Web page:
I then continued to work on some more sketches, using different materials to get a feeling for the textures and colours. I did this to get a feeling if a particular texture would work for this project. For instance, I tried out pastels, ink, brushed pens, and pencils for some quick sketches.
Since I wanted to depict the Roman gods some way, I thought it’d be good to also look at the proportions of the human body. Therefore I did some sketches with a proportions model, and tried out different techniques, e.g. with/without shading, outlines only vs. full texture.
I continued to work on a few thumbnails for my layout ideas. This time I tried to narrow it down to only two pages in my sketchbook. In previous projects, I found it did not always help to have a vast selection of ideas since narrowing down is even harder then. Instead, I worked on a few different ideas, and then decided to go forward with developing my two favourite ones with more details.
Before doing so, I put in some further ideas for styles and materials in my sketchbook, including pen sketches, collage, and ink-outlined planets with bold shapes, which I quite like.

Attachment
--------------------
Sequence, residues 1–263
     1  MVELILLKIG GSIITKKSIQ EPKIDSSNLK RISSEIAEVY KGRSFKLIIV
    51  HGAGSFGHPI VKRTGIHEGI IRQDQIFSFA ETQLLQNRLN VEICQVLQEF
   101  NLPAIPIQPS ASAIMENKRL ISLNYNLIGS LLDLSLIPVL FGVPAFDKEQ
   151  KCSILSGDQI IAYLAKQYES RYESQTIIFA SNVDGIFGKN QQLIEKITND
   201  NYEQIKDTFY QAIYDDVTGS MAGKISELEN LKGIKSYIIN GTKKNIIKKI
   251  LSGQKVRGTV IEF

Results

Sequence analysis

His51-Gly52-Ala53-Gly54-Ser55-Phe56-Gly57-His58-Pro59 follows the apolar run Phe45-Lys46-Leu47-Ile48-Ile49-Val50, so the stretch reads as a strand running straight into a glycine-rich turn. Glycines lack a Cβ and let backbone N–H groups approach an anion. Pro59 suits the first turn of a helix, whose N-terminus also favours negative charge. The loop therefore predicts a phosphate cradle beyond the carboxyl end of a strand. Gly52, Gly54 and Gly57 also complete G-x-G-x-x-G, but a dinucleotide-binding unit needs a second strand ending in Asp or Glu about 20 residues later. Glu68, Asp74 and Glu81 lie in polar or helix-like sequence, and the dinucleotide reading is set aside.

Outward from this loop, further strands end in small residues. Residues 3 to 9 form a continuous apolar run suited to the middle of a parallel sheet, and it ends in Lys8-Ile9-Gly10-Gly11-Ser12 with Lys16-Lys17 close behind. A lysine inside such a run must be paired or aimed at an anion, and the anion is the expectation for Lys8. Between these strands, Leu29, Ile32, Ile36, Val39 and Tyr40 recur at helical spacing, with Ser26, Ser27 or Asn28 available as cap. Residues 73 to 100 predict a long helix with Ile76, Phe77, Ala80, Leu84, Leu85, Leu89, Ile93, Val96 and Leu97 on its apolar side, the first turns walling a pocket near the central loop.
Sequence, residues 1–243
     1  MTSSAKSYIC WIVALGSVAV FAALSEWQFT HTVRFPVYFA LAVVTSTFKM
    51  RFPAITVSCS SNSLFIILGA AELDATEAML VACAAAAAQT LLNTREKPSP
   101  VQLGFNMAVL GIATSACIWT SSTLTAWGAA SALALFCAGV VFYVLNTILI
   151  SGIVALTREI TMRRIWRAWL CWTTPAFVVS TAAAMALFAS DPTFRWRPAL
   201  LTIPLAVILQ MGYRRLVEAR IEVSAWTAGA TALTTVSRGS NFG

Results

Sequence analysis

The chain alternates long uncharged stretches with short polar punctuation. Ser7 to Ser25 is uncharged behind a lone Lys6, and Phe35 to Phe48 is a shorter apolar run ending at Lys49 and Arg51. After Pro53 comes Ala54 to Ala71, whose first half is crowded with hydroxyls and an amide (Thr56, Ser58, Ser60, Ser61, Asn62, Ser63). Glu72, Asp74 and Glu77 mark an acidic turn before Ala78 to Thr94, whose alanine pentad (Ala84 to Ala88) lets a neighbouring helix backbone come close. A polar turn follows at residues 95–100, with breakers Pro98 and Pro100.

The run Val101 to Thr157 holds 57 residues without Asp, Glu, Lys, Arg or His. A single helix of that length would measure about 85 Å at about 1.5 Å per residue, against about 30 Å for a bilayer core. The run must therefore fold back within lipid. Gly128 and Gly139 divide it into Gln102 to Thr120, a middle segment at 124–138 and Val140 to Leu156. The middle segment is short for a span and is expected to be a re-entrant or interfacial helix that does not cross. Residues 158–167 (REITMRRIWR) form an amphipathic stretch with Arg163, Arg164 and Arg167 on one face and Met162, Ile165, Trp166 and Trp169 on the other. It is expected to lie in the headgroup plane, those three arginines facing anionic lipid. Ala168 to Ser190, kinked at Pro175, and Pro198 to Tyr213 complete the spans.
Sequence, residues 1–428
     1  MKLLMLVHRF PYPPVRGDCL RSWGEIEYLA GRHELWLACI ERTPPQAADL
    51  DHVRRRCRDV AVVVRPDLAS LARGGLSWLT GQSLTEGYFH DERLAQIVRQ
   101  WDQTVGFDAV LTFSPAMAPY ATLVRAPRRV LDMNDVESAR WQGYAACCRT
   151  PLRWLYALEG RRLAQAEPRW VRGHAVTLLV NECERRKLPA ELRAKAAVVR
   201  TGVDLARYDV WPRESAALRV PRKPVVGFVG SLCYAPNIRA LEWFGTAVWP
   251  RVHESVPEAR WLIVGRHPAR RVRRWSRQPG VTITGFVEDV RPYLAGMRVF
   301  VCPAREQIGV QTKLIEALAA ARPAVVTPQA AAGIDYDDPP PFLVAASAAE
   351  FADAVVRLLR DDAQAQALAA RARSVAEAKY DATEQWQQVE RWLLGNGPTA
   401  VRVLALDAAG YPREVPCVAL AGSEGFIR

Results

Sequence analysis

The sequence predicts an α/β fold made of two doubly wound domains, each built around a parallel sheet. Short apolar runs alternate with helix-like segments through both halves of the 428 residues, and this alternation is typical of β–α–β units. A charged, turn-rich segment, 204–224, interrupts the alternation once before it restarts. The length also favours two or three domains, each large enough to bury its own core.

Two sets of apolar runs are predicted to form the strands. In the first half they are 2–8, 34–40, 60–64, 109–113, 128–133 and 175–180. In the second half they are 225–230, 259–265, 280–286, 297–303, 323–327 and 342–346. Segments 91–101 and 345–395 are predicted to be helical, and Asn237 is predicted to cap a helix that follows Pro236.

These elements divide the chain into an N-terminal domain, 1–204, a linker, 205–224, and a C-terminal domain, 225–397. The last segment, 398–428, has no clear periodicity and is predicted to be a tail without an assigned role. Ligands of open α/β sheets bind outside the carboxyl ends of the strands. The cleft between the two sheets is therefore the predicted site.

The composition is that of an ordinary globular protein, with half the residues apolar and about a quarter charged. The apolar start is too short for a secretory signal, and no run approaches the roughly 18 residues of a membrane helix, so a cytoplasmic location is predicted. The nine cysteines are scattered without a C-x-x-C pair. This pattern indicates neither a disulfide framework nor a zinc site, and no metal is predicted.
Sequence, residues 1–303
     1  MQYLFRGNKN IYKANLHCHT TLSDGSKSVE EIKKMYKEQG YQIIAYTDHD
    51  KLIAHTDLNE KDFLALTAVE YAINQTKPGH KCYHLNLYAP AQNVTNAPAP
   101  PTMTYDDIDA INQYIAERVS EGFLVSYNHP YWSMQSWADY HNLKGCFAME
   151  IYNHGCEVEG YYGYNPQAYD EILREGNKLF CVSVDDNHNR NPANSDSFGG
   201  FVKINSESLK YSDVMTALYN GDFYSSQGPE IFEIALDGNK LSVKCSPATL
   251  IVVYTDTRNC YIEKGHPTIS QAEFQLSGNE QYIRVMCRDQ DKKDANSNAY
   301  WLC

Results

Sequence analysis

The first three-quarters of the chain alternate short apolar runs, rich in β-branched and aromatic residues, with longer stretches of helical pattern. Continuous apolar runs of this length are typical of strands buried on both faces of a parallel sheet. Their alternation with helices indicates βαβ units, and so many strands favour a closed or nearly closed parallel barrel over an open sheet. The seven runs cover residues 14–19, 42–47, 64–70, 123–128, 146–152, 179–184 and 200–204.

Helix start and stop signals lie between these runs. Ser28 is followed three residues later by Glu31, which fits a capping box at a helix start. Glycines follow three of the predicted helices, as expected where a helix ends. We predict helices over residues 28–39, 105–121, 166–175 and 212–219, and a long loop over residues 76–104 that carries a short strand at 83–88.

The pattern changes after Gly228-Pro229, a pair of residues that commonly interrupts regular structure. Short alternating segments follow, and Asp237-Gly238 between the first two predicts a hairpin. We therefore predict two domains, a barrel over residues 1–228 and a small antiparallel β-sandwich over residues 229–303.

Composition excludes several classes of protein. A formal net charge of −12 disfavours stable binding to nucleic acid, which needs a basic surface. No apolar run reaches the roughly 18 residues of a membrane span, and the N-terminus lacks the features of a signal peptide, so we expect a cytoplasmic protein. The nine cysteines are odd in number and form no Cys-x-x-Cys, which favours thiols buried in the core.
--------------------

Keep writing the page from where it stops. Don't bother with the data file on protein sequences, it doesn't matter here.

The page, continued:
Now I used coloured pencils to visualize my favourite two ideas from the thumbnails as simple line visual and colour visuals. I also worked on somewhat larger version of each planet/figure to indicate the proportions they should be. On the visuals, the planets are more or less the same size, but actually I want to show them in more in the ratio they would be in in (based on my research here).
- Google search “planets posters”. URL, URL, URL, URL and URL.
- Thesun.co.uk. “Ever wondered how the days of the week got their names? The answer will stun you” by Hayley Richardson. Published on May 12, 2017. URL
- Almanac.com. “Where did the names of the days come from?”. URL
- Closetofmysteries.com. “How the Days of the Week got Their Names”. Published on Aug 12. URL
- Scoopwhoo.com. “Ever Wondered How Days Of The Week Got Their Names? Here’s How” by Shabdita Pareek. Published on Feb 26, 2016. URL
- Techtimes.com. “What The Days Of The Week Are Named After May Surprise You” by Robin Parrish. Published on Feb 26, 2015. URL
- Universetoday.com. “Planets in order of size” by Elizabeth Howell. Published on April 21, 2014. URL
- Greekgodsandgoddesses.net. “Roman gods.” URL
- Realmofhistory.com. “15 Major Ancient Roman Gods And Goddesses You Should Know About” by Dattatreya Mandal. Published on March 20, 2018. URL
- Historyhit.com. “The 12 Gods and Goddesses of Pagan Rome” by Graham Land. Published on Nov 12, 2018. URL
- Canva.com. “50 outstanding posters to inspire your next design”. URL